Fighting inflammation with food is quickly becoming a major health priority—and for good reason, considering inflammation is linked to everything from bloating and acne to life the common cold and osteoporosis. This easy, warming tea packs a punch with natural anti-inflammatory ingredients.
The key thing to remember when using natural ingredients for medicinal purposes is to make sure you are getting what’s known as a ‘therapeutic dosage’ – i.e. enough of the active ingredient for it to be effective. There has certainly been a real craze for ginger shots and turmeric lattes, however, what people often don’t realise as these ingredients are fairly meaningless when taken to small amounts. To reap the benefits the active ingredient must be consumed at a therapeutic dosage level (for a guide on this see what WebMD has to say HERE).
Curcumin, a potent plant chemical found in turmeric, is believed to have powerful anti-inflammatory properties. Basically, if you want anti-inflammatory effects you need to get 500 to 1,000 milligrams of curcumin per day. So you can see that in order to really see any positive side effects, turmeric must be consumed in quite a high quantity.
According to this website, when using the spice on its own, the common rule of thumb is that there are 200 mg of curcumin in one teaspoon of fresh or ground turmeric (though it varies a bit depending on the source and origins).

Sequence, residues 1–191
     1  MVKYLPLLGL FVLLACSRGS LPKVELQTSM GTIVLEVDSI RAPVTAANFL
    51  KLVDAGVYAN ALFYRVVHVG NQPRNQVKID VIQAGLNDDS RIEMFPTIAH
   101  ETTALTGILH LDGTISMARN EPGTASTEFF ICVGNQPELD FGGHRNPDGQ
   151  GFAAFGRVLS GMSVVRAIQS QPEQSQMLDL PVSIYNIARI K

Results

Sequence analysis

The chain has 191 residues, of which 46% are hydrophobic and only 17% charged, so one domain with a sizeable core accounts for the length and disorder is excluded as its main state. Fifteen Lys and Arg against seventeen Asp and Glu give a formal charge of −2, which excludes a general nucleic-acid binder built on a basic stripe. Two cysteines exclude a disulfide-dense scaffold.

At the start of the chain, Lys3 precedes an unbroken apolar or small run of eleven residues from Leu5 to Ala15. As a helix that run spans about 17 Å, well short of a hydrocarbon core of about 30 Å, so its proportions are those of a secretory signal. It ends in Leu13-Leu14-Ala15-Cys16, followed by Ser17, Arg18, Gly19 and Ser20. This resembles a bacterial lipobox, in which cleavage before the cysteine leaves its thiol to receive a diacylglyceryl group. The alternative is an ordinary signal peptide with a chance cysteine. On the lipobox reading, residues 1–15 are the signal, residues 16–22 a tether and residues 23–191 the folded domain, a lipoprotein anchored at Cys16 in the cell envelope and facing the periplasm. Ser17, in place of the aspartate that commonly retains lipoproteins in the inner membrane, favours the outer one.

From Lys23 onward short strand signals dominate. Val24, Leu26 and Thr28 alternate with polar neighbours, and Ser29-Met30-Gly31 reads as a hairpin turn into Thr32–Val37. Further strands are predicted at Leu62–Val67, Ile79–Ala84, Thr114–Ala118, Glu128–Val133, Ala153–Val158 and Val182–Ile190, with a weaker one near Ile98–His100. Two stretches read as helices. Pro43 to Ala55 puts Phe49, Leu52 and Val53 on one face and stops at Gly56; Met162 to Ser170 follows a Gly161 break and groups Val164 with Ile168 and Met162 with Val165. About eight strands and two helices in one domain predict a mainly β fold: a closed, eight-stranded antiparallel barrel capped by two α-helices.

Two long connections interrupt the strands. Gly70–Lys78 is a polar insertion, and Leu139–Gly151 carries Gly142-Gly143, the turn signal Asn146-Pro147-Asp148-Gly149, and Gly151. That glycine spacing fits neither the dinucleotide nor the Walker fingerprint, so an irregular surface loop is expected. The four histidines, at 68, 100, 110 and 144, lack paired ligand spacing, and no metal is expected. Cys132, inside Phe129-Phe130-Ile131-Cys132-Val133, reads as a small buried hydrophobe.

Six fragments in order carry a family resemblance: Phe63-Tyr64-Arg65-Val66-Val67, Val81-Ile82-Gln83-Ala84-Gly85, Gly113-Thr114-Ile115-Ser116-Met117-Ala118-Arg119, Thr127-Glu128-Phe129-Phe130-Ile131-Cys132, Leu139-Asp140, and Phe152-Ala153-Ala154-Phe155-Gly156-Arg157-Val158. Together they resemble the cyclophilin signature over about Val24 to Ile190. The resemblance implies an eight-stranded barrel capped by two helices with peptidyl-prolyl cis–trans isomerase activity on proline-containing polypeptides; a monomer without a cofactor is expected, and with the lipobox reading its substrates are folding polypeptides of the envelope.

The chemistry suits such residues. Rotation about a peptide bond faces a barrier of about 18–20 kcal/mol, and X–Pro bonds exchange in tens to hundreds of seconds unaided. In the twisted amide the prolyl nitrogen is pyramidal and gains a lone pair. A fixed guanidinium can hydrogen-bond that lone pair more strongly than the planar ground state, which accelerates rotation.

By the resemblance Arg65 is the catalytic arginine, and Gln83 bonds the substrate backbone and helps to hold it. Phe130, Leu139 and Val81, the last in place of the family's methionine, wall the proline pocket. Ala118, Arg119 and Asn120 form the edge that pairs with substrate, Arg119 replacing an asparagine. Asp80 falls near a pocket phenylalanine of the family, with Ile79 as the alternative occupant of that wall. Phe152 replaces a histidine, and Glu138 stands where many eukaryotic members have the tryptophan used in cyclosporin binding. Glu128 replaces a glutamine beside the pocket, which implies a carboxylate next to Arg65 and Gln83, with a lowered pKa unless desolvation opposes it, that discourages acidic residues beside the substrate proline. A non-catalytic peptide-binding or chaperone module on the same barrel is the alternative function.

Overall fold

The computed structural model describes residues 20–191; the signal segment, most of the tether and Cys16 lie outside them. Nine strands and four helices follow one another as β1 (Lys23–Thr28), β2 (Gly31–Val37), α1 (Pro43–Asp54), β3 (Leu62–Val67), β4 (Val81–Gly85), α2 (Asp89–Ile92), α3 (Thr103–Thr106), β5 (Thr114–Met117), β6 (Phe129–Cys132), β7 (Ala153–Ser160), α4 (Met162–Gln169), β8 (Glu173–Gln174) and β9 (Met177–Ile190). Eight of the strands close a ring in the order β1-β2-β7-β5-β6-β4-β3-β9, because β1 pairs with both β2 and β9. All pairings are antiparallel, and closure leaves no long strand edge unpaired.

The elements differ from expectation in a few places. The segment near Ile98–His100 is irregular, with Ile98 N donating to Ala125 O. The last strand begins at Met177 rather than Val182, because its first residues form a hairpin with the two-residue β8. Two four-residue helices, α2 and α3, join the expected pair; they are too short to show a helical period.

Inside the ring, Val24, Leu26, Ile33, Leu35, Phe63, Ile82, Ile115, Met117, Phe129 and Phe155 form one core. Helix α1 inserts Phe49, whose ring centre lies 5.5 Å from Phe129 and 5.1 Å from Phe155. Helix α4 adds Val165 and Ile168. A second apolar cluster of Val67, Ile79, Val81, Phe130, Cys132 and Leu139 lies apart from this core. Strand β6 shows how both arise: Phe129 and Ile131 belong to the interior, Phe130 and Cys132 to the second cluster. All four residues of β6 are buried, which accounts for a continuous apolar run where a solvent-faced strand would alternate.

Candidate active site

In this recipe I generally use a chunk of fresh turmeric, but if I really want to be getting what I need I go for about 2.5 teaspoons of grated turmeric (or 1 teaspoon and turmeric filled curry!).
Ginger has also been shown to have great anti-inflammatory properties, but equally it has shown to be an effective treatment for nausea. Dosage wise, 1-3g is generally used as a preventative treatment for nausea (e.g. morning sickness, motion sickness).
For other usages of ginger, 1g is typically said to be sufficient – this is about 1 teaspoon of grated fresh ginger.
In this recipe I usually use about 2 teaspoons so this is a really good dose!
Some studies have found that cinnamon may reduce inflammation, have antioxidant effects, lower blood sugar, and fight bacteria. 1/2 to 1 teaspoon of ground cinnamon is generally recommended (2-4 grams). Some studies have used between 1-6g of cinnamon – there is no firm agreement on the correct amount and apparently, very high doses may be toxic. Also if you can get your hands on Ceylon cinnamon this is apparently better than Cassia cinnamon.
Coconut oil similarly has some very impressive health benefits. It’s been shown to increase metabolism, reduce hunger and boost HDL (the “good”) cholesterol. The right amount to take is debatable, however, studies have found that 2 tablespoons (30 ml) seems to be an effective dose. Smaller amounts are also likely to be beneficial, as used here.
Good quality honey, and particularly Manuka honey, has antibacterial properties.
If you would like the tea sweeter just add more honey. Also, if you don’t have coconut milk almond or dairy milk is also fine.
- 1 cup coconut milk
- 1 knob fresh turmeric (or 1-2 teaspoons of ground turmeric)
- 1 knob fresh ginger
- 1 tsp organic coconut oil
- 1 tsp ground cinnamon
- 1 tsp honey
Peel and then grate the ginger and turmeric.
Blend all ingredients in a blender until smooth. Warm in a saucepan until it boils.